·         While it might be useful to consider interpreting a contract’s terms in light of commercial common sense where the terms are ambiguous, the Court should not “strain to find ambiguity where none exists".

·         The parties amended the stage payments to provide for 23 payments in the agreed Schedule and that Schedule worked with the other payment terms of the contract. Therefore the parties had an operable and agreed payment mechanism. The need to rely on the Scheme for Construction Contracts 1998 (as amended), even in part, therefore fell away. The Court also reiterated its accord with previous case law which ruled that the Scheme will not be imported wholescale where parts of the Scheme could be used to supplement existing and perfectly workable payment terms of a contract.

·         Section 109(1) of the Construction Act, which calls for interim payments to be provided for construction contracts of more than 45 days’ duration, does not require a construction contract to provide for interim payments covering all work under the contract and that this would be the position even if it were not for section 109(2) which gives the parties freedom to choose the amounts of the payments and the intervals when they become due.

The court rejected the arguments from Balfour that:

·         It was an implied term of the contract that the right to make interim applications would extend beyond application 23 – this would be inconsistent with what had expressly been agreed; the Agreed Schedule’s dates were mere examples of the dates for its valuations.

·         The parties had varied the Agreed Schedule beyond application 23. While some attempts were made to negotiate an extension to the Agreed Schedule, the Court noted that at no time during the negotiations was there agreement as to the terms.

·         Payments should continue to be made monthly and that the dates in the Agreed Schedule were mere examples of those payments. The court said that the Agreed Schedule was not an example of monthly payment, neither was it akin to stage payments which were based on the contractor’s progress of the works. The parties were bound by what they had agreed in the Agreed Schedule.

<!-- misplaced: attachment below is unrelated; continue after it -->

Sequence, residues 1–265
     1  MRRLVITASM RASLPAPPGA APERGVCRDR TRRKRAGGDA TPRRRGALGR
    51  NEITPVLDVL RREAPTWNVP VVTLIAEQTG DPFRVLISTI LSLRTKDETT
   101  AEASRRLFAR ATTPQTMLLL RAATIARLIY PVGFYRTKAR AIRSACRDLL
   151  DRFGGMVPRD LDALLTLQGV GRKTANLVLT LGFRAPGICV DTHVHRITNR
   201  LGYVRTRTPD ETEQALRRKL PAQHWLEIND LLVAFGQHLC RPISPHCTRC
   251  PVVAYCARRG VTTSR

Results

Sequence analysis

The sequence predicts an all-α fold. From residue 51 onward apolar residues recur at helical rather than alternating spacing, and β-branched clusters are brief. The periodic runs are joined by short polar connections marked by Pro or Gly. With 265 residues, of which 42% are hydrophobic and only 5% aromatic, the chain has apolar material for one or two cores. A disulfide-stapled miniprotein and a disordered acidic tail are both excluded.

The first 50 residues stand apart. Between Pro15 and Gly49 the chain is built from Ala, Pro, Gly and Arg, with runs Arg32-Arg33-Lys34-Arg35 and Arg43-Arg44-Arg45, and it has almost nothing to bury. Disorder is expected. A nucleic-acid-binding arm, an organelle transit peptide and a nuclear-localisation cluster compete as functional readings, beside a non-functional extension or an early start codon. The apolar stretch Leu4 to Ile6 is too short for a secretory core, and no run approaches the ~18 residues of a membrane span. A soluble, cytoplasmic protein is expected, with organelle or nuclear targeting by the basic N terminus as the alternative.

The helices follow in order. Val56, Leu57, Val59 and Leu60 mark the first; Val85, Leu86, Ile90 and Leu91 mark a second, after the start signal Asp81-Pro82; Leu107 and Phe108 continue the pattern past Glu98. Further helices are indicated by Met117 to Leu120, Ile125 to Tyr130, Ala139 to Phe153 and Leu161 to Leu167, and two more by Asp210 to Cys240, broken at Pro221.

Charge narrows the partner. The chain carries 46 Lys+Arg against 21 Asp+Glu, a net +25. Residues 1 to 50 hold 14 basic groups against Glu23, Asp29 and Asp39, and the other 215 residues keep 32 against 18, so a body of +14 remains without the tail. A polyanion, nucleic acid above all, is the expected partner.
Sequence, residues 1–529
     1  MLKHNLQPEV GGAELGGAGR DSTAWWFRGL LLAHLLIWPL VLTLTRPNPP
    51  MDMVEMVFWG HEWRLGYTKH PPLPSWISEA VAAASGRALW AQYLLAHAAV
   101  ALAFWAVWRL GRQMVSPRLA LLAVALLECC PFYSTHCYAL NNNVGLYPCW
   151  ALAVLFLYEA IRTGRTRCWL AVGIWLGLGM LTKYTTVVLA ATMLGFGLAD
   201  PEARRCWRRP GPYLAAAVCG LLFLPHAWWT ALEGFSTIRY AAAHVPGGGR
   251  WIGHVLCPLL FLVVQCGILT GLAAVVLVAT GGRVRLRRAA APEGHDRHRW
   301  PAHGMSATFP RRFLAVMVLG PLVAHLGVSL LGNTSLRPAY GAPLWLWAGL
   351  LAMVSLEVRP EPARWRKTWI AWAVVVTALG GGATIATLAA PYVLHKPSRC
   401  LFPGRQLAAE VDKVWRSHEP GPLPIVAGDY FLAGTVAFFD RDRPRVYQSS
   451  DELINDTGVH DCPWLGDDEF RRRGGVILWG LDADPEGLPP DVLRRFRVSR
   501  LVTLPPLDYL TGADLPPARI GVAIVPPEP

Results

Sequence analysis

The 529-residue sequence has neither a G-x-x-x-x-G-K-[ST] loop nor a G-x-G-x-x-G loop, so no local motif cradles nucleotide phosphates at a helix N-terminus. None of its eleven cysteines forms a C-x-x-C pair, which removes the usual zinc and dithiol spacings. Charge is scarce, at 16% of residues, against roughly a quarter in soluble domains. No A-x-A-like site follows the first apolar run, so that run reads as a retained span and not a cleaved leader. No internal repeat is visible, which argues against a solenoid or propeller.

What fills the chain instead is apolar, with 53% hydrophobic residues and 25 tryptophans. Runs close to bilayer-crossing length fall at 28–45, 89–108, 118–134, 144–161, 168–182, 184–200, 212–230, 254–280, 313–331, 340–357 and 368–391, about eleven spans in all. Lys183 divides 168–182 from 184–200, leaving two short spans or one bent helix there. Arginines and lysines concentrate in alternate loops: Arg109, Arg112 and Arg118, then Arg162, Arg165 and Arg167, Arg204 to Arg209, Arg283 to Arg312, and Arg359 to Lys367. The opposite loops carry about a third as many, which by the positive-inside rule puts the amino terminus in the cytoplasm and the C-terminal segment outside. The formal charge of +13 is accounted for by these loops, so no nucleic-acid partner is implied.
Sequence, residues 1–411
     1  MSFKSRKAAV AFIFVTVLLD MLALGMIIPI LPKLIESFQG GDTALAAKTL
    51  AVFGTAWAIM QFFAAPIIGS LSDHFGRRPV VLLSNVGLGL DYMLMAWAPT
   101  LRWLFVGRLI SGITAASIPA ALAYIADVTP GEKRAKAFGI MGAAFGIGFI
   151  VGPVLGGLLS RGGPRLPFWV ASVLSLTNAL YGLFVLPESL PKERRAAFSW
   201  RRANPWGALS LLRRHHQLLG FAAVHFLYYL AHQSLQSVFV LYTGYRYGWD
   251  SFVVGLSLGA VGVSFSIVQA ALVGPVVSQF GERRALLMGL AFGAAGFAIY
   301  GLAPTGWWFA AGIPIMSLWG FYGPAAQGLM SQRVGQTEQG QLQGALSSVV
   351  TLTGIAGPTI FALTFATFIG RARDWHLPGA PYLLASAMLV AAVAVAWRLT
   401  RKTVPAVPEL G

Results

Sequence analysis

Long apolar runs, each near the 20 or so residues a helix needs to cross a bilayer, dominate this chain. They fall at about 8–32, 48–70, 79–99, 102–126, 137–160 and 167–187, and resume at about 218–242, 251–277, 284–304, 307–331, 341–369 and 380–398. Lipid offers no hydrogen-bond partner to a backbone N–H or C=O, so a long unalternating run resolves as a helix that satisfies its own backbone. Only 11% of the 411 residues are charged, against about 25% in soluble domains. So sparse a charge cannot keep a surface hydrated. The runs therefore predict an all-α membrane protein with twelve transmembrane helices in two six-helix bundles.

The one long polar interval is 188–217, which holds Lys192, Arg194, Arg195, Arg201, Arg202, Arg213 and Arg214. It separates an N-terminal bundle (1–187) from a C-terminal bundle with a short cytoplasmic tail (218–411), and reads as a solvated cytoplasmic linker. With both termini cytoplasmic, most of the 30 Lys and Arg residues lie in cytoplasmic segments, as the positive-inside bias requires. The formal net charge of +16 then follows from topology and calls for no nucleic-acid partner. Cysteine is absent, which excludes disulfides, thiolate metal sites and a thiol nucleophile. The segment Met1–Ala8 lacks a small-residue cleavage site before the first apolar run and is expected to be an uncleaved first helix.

·         Grove was barred from contending that it had no right to make payment applications after application 23 on the basis that Grove had issued payment certificates in respect of the applications (albeit it had not paid them). The Court considered that this was a classic example of an attempt to use the principle of estoppel as a sword, rather than a shield.

Conclusion

Although Balfour was in a bad commercial position as a result of the court’s strict contractual interpretation of the Contract, the contract was unambiguous. The court rightly saw that the parties were two commercial entities who were free to negotiate the terms of the contract between them as they liked.

The failure by Balfour to cater for the right to make interim applications beyond those specified in the Agreed Schedule in the event of delay was unfortunate, but not a matter that the Court could or should correct given that the Contract’s terms where clear and compliant with the Construction Act. The Contract was perfectly operable notwithstanding that Balfour found itself in an unfortunate position.

While it remains to be seen whether this case will be successfully appealed or not, it will undoubtedly by cited by parties seeking to operate the provisions of existing building contracts containing similar terms.

 

About the author: Adam Hiscox is a construction solicitor with Wright Hassall LLP

 

 

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This article was published on 6 Apr 2016 (last updated on 6 Apr 2016).